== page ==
For this film, what inspired you initially to focus on the game of ampe?
IO: I guess it was the beginning of 2020, around the time when the pandemic was really starting to set in. A couple of friends had a surprise party for Claudia out in the park, just a way to connect, since it had been a while since we'd seen each other. During the celebration, a lot of the girls were playing ampe and like, teaching each other, and it was just so exciting and fun to see.
I think it was maybe a couple of days later, Claudia called me and she was like, "I'm thinking about doing something centered around ampe," and I was like, "Oh, my goodness! I've been thinking about the same thing," because that was my first introduction to it, but I was so amazed by it and the energy surrounding it. That summer we were working on another project that had been commissioned. And so we decided between shooting that, since we already had equipment available to us, that we would try to shoot Ampe as well. So we shot it ourselves that summer. It ended up being, like, a 15-minute documentary that wasn't the strongest. But eventually we decided to revisit it, start applying to grants, and just expand the story a bit more and really do justice to the film.
You shot part of the film in Ghana. What did that work entail?
CO: I think for us, just our process of collaboration has always been an act of faith. I think there's something about partnering with someone else, especially when taking these leaps. And so with Ghana, that was sort of our initial investment. We thought OK, we are able to easily access our friends in Columbus to get their perspectives on ampe, and across our sister cities, it would be great to go to Ghana. So at the top of the year in 2021, we just automatically made that investment to purchase tickets and just set those dates and start inquiring about shooting, whether funding came or not.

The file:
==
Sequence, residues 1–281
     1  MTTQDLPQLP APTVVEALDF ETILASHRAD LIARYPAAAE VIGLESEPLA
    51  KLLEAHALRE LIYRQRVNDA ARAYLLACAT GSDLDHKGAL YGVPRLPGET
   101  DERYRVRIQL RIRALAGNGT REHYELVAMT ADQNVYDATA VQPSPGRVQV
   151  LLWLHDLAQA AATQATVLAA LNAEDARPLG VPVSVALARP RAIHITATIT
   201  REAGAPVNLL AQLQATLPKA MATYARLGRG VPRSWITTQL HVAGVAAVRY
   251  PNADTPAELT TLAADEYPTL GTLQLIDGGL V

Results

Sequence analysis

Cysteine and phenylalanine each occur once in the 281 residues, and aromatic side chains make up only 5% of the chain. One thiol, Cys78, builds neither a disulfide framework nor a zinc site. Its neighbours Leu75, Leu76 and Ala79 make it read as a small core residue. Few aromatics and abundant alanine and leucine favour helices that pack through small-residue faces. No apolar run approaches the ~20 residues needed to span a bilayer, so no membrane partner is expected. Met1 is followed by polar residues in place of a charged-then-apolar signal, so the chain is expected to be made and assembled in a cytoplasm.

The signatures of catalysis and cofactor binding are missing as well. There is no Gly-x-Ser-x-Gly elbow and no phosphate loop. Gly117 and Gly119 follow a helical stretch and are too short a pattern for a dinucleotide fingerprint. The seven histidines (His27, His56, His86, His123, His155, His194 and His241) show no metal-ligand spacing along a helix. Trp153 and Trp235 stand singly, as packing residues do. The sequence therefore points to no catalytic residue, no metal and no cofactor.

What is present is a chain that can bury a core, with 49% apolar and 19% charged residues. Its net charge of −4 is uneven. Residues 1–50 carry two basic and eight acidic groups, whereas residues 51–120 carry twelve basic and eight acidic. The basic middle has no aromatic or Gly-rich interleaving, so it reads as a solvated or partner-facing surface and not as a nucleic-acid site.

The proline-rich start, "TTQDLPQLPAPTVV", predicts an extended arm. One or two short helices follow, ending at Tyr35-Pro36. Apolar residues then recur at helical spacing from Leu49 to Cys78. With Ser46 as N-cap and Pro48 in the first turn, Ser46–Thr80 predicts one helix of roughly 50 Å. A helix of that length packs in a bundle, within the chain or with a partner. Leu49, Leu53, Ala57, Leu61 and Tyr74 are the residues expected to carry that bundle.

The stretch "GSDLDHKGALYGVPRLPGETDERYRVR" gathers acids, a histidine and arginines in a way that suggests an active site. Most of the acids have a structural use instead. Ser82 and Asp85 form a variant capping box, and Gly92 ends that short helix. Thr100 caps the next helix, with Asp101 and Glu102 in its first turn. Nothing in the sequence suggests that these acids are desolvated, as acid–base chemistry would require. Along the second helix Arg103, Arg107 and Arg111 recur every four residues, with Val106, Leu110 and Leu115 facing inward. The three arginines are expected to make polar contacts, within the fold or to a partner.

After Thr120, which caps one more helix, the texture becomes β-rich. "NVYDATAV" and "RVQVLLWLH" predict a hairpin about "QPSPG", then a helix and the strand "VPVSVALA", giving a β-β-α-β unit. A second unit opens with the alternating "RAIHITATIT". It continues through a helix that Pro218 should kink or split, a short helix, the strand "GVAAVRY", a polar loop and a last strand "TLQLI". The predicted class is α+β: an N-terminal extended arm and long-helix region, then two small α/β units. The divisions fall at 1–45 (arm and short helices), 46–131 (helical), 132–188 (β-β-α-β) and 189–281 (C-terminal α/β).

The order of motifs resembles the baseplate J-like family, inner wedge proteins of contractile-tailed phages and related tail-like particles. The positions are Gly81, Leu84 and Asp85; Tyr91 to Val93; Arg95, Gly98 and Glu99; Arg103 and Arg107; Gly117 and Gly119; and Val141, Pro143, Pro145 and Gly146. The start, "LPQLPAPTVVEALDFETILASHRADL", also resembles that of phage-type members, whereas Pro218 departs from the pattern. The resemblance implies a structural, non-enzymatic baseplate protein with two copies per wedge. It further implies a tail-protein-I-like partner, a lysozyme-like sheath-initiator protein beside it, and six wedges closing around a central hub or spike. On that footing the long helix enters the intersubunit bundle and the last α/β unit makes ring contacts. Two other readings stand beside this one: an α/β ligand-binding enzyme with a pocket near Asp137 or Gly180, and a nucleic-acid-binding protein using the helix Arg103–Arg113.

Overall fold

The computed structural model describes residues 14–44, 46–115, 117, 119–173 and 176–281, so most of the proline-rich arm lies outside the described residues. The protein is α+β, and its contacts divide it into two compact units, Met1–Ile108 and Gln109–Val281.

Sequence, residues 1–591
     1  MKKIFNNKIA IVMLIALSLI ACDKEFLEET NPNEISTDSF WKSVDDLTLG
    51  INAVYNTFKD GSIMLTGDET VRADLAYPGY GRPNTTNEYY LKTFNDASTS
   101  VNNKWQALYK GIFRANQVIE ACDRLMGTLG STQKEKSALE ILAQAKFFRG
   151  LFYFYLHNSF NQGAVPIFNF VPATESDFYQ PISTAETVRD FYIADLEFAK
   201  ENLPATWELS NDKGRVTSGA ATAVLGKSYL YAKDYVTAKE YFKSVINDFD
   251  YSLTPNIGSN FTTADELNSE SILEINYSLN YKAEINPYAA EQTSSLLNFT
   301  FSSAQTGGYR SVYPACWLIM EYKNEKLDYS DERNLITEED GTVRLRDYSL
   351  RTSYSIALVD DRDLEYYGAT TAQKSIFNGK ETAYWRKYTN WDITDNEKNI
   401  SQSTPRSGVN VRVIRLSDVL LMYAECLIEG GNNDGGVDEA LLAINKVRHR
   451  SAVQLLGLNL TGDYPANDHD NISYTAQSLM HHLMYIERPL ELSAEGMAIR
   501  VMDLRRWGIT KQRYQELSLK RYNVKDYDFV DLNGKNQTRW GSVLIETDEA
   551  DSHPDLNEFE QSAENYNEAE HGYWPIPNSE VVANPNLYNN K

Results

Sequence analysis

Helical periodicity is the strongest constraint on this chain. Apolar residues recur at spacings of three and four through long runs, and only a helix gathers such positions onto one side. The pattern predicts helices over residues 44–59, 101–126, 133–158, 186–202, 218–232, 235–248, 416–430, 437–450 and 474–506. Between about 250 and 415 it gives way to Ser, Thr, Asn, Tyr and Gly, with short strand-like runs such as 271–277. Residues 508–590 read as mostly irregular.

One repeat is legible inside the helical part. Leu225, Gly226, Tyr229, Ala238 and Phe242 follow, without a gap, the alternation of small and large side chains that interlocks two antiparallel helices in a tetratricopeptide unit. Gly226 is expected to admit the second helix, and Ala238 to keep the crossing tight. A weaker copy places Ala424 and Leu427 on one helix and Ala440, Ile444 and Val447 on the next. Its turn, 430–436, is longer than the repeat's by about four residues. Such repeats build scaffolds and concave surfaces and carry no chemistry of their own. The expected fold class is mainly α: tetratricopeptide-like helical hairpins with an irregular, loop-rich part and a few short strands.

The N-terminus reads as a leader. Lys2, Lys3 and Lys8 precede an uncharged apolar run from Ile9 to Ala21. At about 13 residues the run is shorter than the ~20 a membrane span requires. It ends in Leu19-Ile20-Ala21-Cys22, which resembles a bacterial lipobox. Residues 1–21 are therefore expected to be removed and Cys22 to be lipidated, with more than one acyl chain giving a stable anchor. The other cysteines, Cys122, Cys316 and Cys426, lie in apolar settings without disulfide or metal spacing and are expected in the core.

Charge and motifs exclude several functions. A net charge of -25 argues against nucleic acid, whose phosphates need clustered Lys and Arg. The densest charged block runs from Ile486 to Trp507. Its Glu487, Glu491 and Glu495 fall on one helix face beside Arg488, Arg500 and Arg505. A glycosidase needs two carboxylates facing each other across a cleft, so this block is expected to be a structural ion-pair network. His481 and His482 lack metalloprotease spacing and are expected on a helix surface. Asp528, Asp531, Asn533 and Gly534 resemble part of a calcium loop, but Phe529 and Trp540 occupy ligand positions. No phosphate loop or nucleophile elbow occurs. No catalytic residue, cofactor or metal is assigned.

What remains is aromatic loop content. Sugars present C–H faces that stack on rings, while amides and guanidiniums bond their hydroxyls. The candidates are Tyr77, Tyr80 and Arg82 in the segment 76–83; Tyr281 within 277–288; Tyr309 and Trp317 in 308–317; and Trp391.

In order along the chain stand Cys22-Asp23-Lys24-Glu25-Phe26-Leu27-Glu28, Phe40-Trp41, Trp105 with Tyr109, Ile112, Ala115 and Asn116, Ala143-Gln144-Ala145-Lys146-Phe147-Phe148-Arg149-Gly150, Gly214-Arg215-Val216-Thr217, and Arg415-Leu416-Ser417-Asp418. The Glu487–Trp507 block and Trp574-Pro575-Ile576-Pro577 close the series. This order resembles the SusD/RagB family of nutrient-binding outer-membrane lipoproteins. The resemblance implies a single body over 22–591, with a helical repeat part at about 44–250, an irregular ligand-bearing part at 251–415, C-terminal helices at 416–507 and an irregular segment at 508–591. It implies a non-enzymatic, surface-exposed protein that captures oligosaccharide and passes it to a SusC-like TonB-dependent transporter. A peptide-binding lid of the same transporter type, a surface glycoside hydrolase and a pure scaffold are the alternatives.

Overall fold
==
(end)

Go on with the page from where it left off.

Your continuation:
So it was shaping out to be something that we would be funding ourselves, while also acquiring community support via a fundraiser. And then at that point, too, we had received a grant from the Greater Columbus Arts Council, which was really helpful in helping us acquire a producer at the least, so that we could get a sense of what the budget was like in both cities—namely, Ghana, since that was a bit more out of reach for us.
I got there maybe a month-and-a-half before we started shooting, and as soon as I got there, was mainly about doing some of the location scouting. Then, when Ife joined, we traveled to see the locations together with our cast and crew, and just shot there. So, being on ground in Ghana required a lot of prior planning, and then also sort of allowing room for flexibility and experimentation on set as well. And we had a really great team, which I think made that transition easier.